Figure 2. the lattice of value

We want these products to have the following value properties (figure 2):

(i) (b) is better than (a) — it is better for a web developer to use product A than not, even when there are no users of product B

(ii) (c) is better than (a) — it is better for a web user to use product B than not, even when there are no web sites using product B

(iii) (d) is better than (b) — if a web site uses product A then there is additional value for the end users if they have product B as well

(iv) (d) is better than (c) — if users have product B it is even better if the web site uses product A as well

Both (i) and (ii) are boot-strap properties, they get the product started. This avoids the critical mass problem — there is value even when there are no other users. Strictly only one is essential, but getting both is even better!

The other two properties (iii) and (iv) are the co-value properties ensuring growth.

The first of these (iii) means that web developers who use product A want users to also use product B, so become promoters of the product (producer push). For example, if you use Macromedia Shockwave on your site you encourage your web users to download Shockwave player.

The second (iv) means that users of product B actively want web sites to use product B, either explicitly through comments or suggestions to the web master or implicitly because the web developers knows their users want it — consumer pull.

designing for the lattice of value

Let's imagine we are thinking of producing a tool to help web developers create site maps. The tool will run on the developer's machine, crawl the web site and produce a site map that can be included in the site to help users navigate round it.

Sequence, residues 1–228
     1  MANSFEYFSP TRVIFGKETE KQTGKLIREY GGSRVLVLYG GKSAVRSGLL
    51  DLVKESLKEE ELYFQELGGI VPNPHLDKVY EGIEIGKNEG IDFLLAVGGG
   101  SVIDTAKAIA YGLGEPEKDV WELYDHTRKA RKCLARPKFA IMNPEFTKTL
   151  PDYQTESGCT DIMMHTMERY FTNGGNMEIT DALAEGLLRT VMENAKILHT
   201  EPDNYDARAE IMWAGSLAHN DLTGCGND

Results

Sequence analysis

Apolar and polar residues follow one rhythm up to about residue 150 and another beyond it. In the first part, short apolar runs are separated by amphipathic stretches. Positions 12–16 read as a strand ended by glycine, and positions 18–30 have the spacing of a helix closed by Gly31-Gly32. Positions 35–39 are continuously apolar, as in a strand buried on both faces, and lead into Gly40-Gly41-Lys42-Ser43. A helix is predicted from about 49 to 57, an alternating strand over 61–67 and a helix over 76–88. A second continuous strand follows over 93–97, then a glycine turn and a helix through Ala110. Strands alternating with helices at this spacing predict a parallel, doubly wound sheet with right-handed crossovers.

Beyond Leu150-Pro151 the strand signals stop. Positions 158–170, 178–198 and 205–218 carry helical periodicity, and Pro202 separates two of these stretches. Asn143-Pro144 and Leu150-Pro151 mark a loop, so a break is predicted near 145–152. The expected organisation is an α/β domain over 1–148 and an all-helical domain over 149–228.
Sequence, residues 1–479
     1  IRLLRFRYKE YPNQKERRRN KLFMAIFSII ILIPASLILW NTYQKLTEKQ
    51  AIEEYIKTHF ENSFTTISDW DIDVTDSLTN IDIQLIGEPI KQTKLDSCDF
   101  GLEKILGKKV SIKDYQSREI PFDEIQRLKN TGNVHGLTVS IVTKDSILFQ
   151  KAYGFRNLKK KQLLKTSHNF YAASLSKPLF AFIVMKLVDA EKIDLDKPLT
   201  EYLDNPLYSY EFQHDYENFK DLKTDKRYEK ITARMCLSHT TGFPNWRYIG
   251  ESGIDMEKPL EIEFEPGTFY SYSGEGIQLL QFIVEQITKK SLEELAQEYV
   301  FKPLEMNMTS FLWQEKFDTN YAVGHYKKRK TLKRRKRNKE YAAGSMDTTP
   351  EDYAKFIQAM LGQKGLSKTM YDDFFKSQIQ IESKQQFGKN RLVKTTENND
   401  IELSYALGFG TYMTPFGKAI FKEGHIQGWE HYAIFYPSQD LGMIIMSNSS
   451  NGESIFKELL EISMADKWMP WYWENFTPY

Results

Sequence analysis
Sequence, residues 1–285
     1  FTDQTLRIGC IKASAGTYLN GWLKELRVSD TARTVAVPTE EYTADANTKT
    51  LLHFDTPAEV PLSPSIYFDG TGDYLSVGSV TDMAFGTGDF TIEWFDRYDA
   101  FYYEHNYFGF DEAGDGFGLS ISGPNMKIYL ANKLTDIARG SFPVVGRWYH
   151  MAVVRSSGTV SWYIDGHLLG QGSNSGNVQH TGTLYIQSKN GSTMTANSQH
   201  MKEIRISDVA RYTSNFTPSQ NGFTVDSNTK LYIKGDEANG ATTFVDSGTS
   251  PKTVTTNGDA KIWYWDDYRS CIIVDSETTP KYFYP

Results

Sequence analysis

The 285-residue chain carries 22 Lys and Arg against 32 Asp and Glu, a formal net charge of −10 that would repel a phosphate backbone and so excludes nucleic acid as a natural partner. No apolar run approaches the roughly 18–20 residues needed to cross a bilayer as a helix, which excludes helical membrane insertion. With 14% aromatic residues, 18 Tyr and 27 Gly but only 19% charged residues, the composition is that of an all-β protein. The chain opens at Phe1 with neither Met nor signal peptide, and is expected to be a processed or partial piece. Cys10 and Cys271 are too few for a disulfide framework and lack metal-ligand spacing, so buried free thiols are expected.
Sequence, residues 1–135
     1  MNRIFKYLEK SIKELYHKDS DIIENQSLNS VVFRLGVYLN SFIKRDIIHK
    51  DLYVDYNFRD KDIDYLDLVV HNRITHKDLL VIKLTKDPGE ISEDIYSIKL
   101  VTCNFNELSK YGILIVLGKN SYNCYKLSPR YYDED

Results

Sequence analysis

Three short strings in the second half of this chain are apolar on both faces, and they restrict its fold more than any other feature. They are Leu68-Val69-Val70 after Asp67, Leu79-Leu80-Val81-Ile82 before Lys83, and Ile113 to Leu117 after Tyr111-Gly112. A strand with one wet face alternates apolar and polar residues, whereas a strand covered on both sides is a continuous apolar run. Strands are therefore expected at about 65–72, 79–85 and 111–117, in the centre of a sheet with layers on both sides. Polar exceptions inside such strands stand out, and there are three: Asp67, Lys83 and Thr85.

Figure 3. web developer site map tool

On its own this product only satisfies condition (i), assuming it is good, it is better for web site developers to have it, but there is no companion product to promote growth. Possibly if we have a 'powered by' logo on the site map other web developers may see it and adopt it, but we have no associated web-user product.

So, we look at some sort of client-side downloadable product that acts as a browser plug-in, and builds site maps of pages the user has visited. A kind of history that also keeps track of site structure.

Figure 4. web user site map application

This second product satisfies (ii), again assuming it is well designed, and so users may adopt it, but it has no relation to our developer product.

To get this interaction we add some features to the products. First of all we update the developer's tool so that it automatically uploads a site summary file whenever a site map is produced. This file includes information about changes to the site and possibly information about each page such as title, keywords, etc. We then make the end-user product look for this additional information and if it is there incorporate the information, giving the end-user an instant site map with information about changed pages, the ability to search the site by keyword etc.

Figure 5. updated products

Let's look again at the co-value proposition ...

First of all (iii) — if you are a user of a site with the site map, you already have the site map, but it doesn't know what you have visited. By downloading the end-user application the value of the site map is augmented.